Many Americans may experience pain and not realize it is a result of their work duties. Some of the most common areas of pain include the arms, wrists, neck, shoulders and back. Employees that have desk jobs are just as likely to suffer from work-related pain as employees that have physical labor positions.
Back injuries are common among employees in every industry. But back injuries do not always just affect the back. For example, a worker who is experiencing back pain may also feel severe pain in the legs and experience limited mobility as well. If no treatment is sought, acute back pain can quickly develop into a chronic issue.
There are a few ways that employees can hurt their back. If their workplace does not provide adequate chair support, workers may experience strain on their back. Stress can also lead to muscle pain; stress is something that workers may experience on a daily basis.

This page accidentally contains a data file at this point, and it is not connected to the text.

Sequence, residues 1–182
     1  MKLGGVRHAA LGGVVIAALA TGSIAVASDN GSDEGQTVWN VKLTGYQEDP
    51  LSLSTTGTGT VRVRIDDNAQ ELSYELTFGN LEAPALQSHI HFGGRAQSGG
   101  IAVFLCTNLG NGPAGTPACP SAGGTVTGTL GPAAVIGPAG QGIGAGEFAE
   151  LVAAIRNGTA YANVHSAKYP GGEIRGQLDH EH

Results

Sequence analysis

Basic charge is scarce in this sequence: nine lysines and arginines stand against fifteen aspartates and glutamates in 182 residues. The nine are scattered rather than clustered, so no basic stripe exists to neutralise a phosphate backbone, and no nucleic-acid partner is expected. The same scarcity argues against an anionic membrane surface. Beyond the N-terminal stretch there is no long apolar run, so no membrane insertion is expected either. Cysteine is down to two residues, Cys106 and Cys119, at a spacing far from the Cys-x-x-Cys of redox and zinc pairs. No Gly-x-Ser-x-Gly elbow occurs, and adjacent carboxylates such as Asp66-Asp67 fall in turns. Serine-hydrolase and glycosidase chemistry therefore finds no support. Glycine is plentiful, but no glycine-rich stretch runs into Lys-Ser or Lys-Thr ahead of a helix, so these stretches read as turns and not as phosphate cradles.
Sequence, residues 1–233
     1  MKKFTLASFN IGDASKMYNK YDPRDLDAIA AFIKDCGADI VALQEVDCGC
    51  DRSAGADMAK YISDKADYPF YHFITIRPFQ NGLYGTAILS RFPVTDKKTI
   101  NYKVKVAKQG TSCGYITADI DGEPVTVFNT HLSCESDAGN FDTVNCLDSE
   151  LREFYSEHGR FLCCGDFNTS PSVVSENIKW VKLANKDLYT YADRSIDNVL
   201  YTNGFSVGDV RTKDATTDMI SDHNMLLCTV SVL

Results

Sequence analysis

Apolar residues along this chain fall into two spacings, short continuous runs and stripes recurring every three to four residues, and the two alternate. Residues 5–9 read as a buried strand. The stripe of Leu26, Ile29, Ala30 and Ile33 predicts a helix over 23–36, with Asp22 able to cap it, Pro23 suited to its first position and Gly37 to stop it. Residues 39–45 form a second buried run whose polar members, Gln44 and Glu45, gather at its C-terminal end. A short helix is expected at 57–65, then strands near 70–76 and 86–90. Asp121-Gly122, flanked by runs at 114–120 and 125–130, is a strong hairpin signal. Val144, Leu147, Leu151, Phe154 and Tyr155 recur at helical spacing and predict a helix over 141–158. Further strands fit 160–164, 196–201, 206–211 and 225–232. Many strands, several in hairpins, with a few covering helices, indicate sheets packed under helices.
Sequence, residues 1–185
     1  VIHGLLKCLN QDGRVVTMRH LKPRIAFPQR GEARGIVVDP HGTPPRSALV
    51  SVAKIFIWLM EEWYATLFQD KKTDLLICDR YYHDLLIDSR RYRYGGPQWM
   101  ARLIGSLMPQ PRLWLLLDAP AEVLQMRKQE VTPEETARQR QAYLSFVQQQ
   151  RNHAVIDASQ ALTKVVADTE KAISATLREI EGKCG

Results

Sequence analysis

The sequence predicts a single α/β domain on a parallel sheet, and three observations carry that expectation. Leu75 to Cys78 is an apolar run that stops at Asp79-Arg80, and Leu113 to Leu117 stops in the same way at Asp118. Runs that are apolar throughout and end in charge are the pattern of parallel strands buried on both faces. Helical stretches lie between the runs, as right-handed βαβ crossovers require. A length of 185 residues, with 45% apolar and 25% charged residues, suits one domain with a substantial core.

Physical therapists state that it is important to immediately report any joint or muscle pain that occurs in a work environment. If an injury is addressed within the first three weeks, it can generally be treated easily with slight modifications in one's daily life. However, waiting to address the injury could result in treatment complications and years of pain.
Employers should have a process in place to address workplace pain; when workplace pain is untreated it can be harder to recover from and often becomes chronic. Reporting your injuries will ensure that you receive proper medical care and may entitle you to workers' compensation benefits if your condition worsens or prevents you from performing your job duties.
Source: Des Moines Register online, "Reasons to Address Work-Related Pain," Annie Carothers-Kay, 10 March 2011